Clareece Precious Jones is not here. That's how she says she feels, trudging through her hopeless life of misery and neglect. The Harlem teen is friendless, obese and illiterate. She daydreams of marrying her math teacher, or starring in a BET video. Tossed out of junior high for being pregnant with her second child, she finds no refuge at home: Her emotionally and physically abusive mother rules that roost.
This is the world of what will surely be this season's most talked-about movie character. Lee Daniels' drama, Precious: Based on the Novel Push by Sapphire, follows Precious for a year or so, as she gradually gains self-respect, purpose and forward momentum. Key to this progress is her transfer to an alternative school, where under the tutelage of a caring teacher, Blu Rain (Paula Patton), she finds her footing.
Feel-good inspirational film? Not quite. It accentuates the positive, but Precious' story is mired in so much institutional negativity that the big picture is depressing. At the film's end, a dedication appears on screen: "To the Precious girls everywhere." Because, yes, girls like Precious are everywhere, and there isn't a movie coming to transform their circumstances. Even for this Precious, there is only a different long, hard road.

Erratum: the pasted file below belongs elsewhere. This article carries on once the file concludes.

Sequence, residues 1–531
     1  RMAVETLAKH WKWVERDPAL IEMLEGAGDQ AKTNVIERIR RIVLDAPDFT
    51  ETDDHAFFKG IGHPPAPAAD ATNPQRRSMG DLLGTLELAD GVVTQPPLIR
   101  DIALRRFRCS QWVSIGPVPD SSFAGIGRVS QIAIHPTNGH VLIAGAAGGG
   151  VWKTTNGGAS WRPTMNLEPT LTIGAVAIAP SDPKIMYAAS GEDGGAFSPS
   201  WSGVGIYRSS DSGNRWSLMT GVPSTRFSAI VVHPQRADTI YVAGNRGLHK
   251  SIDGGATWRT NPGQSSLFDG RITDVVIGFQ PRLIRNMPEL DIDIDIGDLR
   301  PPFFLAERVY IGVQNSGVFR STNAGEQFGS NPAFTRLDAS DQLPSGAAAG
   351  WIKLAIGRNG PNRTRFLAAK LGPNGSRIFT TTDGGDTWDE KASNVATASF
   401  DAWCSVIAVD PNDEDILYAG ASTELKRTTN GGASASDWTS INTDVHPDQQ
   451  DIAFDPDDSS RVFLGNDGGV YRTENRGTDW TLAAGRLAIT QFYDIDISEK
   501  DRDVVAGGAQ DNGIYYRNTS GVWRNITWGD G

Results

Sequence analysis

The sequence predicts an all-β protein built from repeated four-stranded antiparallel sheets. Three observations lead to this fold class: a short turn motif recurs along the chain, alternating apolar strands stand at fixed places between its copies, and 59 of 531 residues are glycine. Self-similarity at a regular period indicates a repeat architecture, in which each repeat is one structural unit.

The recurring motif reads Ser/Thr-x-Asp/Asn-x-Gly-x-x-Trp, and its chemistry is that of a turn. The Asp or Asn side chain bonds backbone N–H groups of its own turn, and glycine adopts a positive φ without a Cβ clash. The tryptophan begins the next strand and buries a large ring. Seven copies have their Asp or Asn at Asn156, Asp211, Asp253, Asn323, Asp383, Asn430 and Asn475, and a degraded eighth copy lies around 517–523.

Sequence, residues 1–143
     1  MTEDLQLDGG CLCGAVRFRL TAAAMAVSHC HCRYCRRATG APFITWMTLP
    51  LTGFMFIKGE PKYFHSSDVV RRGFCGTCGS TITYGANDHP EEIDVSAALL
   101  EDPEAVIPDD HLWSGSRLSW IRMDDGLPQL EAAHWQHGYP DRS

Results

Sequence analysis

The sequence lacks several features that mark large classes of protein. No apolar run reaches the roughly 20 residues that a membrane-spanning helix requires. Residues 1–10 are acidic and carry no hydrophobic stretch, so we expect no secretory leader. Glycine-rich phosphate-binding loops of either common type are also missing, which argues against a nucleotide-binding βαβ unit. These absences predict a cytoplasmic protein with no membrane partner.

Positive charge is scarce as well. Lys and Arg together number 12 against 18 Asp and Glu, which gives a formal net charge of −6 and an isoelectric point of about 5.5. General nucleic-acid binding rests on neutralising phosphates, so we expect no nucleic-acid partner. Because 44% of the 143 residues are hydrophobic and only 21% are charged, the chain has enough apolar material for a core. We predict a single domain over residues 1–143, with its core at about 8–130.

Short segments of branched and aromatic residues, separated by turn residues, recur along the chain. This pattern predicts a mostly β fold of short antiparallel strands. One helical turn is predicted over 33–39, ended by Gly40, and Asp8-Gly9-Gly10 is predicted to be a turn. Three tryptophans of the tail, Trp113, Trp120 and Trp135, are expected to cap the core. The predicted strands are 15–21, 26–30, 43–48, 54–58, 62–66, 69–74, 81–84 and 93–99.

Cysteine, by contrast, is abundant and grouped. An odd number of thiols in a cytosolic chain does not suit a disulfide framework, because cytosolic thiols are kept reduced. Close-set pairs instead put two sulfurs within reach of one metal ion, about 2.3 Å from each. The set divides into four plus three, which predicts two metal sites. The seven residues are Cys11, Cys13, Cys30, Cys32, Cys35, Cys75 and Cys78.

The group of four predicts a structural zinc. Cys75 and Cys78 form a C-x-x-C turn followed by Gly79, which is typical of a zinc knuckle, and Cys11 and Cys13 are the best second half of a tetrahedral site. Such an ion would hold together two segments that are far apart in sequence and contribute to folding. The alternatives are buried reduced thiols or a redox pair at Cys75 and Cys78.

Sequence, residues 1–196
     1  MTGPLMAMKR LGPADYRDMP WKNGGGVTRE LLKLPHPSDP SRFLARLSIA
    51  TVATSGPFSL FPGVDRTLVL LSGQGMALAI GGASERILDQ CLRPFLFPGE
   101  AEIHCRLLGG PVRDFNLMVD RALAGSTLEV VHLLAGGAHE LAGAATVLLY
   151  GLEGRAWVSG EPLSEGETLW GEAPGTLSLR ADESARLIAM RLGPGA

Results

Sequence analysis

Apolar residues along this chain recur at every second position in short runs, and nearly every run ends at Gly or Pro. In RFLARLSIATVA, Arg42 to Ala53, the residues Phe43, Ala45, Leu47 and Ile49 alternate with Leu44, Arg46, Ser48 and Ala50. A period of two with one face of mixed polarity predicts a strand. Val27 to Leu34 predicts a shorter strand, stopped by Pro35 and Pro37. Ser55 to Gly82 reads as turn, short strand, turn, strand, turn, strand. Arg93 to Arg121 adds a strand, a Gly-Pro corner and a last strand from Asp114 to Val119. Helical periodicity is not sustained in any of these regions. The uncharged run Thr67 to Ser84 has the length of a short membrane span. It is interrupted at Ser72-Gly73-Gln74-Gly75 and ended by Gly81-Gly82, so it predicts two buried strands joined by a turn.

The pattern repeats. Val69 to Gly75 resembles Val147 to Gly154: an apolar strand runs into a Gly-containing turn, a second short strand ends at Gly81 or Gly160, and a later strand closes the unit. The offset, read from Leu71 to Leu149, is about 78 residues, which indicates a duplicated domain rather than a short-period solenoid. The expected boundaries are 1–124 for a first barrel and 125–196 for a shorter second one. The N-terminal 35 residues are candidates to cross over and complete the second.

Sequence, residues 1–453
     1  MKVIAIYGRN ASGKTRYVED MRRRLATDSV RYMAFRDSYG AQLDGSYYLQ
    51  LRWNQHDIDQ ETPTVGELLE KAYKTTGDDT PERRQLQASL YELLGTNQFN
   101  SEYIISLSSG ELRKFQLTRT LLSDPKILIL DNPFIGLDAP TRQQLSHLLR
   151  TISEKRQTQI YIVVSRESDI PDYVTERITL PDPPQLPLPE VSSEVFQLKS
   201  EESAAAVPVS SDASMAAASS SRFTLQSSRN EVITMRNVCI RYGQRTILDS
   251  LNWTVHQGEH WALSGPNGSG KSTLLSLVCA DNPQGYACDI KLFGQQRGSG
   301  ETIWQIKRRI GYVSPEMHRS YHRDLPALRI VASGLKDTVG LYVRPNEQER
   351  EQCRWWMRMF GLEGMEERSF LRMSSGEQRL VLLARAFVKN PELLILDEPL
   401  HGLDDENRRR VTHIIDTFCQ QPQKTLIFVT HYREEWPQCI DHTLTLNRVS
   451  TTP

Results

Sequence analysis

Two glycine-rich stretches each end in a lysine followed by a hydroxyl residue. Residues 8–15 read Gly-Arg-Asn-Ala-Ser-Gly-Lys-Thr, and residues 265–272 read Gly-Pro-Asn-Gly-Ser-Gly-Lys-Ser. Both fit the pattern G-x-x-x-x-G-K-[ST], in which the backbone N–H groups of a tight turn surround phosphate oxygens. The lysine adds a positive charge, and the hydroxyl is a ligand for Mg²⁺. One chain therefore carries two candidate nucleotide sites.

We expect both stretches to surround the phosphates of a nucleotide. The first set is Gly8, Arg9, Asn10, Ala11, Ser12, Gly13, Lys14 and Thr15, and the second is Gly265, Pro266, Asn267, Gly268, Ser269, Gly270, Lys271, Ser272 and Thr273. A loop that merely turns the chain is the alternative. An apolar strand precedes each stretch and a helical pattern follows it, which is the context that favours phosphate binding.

Precious isn't a perfect work. Its translation from a first-person novel leaves gaps, and some characterizations feel underdeveloped or movie-ish. I'm still mulling over exactly what I thought of the film, and while that may make for a waffling sort of review, I also think that's not a bad thing.
Because this film forefronts so many hot-button issues -- such as child abuse, generational poverty and identity -- in such open-ended ways, it's sure to have viewers debating what it all means. Though the story is set in 1987, the questions Precious raises are wholly relevant and worth talking about. (Discuss: Has the welfare system, which Precious' mother openly scams, trapped Precious in an inescapable cycle of poverty? Should such institutions have done more to protect her? If not, then who?)
Undoubtedly, the first thing viewers will be chattering about is Mo'Nique's raw performance as Precious' abusive mother. It's initially showy and distracting -- you'll be thinking, "Damn, that's Mo'Nique?" -- but the comedienne owns the film's most devastating scene.
Newcomer Gabourey Sidibe has a tougher role, as the actress has much inner life to convey through Precious' numbed inertia, barely audible mumble and expressionless face. Director Daniels fills these gaps with such cheats as Precious' dream sequences and voiceovers, but Sidibe holds her own, drawing us in, compelling us to look. Precious is the invisible girl in her own life, who silently pleads: "See me." And we do. Starts Fri., Nov. 20. AMC Loews, Manor